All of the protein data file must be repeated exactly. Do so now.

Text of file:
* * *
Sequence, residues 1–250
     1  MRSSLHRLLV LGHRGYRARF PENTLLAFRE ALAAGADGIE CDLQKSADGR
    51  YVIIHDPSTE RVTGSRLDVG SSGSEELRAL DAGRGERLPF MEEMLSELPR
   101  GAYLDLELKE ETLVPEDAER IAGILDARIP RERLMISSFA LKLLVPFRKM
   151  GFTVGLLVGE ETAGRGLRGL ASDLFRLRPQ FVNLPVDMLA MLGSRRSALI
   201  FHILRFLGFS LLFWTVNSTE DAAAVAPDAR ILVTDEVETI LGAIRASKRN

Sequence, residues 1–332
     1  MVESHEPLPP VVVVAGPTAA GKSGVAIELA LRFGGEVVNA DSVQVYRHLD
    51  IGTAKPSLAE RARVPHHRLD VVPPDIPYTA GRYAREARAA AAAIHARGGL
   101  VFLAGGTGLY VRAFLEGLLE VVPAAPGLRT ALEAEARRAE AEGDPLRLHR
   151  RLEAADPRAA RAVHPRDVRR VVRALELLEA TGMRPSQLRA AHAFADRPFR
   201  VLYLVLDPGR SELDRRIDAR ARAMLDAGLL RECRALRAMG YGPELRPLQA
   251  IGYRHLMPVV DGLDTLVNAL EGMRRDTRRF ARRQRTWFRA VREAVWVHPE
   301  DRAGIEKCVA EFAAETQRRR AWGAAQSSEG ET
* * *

Sequence, residues 1–250
     1  MRSSLHRLLV LGHRGYRARF PENTLLAFRE ALAAGADGIE CDLQKSADGR
    51  YVIIHDPSTE RVTGSRLDVG SSGSEELRAL DAGRGERLPF MEEMLSELPR
   101  GAYLDLELKE ETLVPEDAER IAGILDARIP RERLMISSFA LKLLVPFRKM
   151  GFTVGLLVGE ETAGRGLRGL ASDLFRLRPQ FVNLPVDMLA MLGSRRSALI
   201  FHILRFLGFS LLFWTVNSTE DAAAVAPDAR ILVTDEVETI LGAIRASKRN

Sequence, residues 1–332
     1  MVESHEPLPP VVVVAGPTAA GKSGVAIELA LRFGGEVVNA DSVQVYRHLD
    51  IGTAKPSLAE RARVPHHRLD VVPPDIPYTA GRYAREARAA AAAIHARGGL
   101  VFLAGGTGLY VRAFLEGLLE VVPAAPGLRT ALEAEARRAE AEGDPLRLHR
   151  RLEAADPRAA RAVHPRDVRR VVRALELLEA TGMRPSQLRA AHAFADRPFR
   201  VLYLVLDPGR SELDRRIDAR ARAMLDAGLL RECRALRAMG YGPELRPLQA
   251  IGYRHLMPVV DGLDTLVNAL EGMRRDTRRF ARRQRTWFRA VREAVWVHPE
   301  DRAGIEKCVA EFAAETQRRR AWGAAQSSEG ET